That’s the magical diet (and money) trifecta right there. And it’s going to be different for everyone.
For me, after so much experimenting, I’ve settled on a three pronged approach.
1 – I generally eat a vegetarian diet.
On the odd occasion I will consume a meal with meat, but personally, I much prefer to keep things plant based. I feel better when I’m eating a plant based diet, and there are very few meat products I actually enjoy.
I know this isn’t true for a lot of people, but even if you aren’t ready to give up meat, I would definitely encourage you to try and reduce it in your diet. Your budget, our environment, and I, will all thank you.
2 – I generally follow a 16/8 intermittent fasting diet, with the occasional longer fast thrown in.
Again, this goes back to feeling better. I sleep better, I am generally LESS hungry, not more. I experience fewer energy crashes. And when I am fasting, I have better work outs and increased concentration.
All things people don’t generally associate with fasting. Weird, hey?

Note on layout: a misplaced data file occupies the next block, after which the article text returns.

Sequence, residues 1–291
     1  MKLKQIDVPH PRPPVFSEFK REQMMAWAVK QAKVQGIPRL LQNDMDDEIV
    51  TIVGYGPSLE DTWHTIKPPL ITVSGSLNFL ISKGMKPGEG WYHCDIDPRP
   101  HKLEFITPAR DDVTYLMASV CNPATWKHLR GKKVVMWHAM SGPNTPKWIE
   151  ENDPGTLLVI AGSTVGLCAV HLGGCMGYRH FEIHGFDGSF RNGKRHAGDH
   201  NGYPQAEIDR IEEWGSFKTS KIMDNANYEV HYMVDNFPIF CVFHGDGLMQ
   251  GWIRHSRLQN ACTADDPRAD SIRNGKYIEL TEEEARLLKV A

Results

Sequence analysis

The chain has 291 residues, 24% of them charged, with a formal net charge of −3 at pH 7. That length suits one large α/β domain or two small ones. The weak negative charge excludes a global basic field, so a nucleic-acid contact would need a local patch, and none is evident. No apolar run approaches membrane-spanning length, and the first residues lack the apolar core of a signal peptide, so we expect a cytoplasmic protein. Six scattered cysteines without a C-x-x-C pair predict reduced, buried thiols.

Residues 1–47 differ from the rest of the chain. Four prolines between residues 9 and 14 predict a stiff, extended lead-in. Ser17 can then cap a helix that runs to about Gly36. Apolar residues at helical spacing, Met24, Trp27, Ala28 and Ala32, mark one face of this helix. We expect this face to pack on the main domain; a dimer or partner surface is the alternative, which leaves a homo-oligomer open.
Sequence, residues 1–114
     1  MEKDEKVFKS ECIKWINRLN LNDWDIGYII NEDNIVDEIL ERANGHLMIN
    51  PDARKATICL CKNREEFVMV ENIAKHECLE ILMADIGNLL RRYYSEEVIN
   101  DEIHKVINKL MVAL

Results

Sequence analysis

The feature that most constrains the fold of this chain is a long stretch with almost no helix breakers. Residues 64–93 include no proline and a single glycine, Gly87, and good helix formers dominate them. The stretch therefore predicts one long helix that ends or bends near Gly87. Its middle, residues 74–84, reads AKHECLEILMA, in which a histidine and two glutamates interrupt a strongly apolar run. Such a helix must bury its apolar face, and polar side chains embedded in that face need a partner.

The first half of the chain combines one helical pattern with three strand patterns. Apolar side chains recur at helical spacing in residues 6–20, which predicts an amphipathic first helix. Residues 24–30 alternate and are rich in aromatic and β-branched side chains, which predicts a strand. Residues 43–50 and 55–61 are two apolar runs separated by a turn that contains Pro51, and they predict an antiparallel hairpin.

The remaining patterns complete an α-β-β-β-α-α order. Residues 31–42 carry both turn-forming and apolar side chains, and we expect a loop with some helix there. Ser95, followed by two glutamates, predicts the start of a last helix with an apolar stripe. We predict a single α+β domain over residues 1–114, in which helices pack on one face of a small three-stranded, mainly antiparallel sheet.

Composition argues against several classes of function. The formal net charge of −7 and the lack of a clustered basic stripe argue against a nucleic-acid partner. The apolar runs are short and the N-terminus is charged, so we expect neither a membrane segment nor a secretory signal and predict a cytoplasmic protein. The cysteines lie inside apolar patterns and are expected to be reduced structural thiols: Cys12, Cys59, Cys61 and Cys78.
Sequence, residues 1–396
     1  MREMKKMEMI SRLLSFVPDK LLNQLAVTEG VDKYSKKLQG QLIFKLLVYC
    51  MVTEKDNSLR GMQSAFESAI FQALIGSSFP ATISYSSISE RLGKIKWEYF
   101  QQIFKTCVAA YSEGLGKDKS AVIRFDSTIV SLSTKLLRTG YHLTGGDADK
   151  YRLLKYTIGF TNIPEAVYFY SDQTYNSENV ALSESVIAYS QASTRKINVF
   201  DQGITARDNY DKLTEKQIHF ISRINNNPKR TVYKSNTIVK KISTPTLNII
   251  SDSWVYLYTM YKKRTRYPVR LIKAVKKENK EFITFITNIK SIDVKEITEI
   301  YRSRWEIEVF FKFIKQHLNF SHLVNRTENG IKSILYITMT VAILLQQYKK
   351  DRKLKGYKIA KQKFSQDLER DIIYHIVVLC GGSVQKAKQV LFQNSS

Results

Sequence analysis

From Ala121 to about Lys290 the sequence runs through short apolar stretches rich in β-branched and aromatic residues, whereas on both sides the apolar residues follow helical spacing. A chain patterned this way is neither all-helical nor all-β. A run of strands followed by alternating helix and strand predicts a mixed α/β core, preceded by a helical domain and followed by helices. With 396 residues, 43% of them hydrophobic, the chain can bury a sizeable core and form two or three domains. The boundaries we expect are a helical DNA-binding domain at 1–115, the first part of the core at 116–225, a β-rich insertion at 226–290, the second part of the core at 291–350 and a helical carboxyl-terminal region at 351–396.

I know there is huge debate out there when it comes to intermittent fasting. I myself used to be entirely opposed to the concept, believing that our bodies operate optimally when consistently fuelled.
Frankly, I had to try it in order to change my mind. Once I did, I was sold. For me, everything feels better when I give my body time to process food, draw from my stored fuel, and actually experience hunger. And, at this point, I barely even notice that I’m not eating for 16-18 hours.
Not to mention it’s really nice to only have to plan for one meal and one snack each day. Both from a money and time saved perspective.
3 – I generally follow a low carb diet
While I really enjoyed a number of aspects of the Keto diet, I found that as a vegetarian it was really friggin’ hard. I went into overdrive creating all sorts of ultra low carb vegetarian meals (and desserts). But it also turned out to be ultra time consuming. Cauliflower crust pizza, baked spaghetti squash rigatoni, zuchinni fettuccini Alfredo, Creme Brûlée, Coconut Cream Pie, while all delicious, take a lot more prep than your average meal.
I also found, my body just doesn’t jive well with the whole high fat diet thing. Through trial and error with Keto, I did however find that I really do enjoy a low(er) carb diet.
Continuing to reduce processed foods, and sugars in general, while having the flexibility to retain whole grains, legumes, and other higher carb items that I couldn’t have when doing a full blown keto diet, seems to be my ideal fit. Between 70-100 carbs a day is my sweet spot.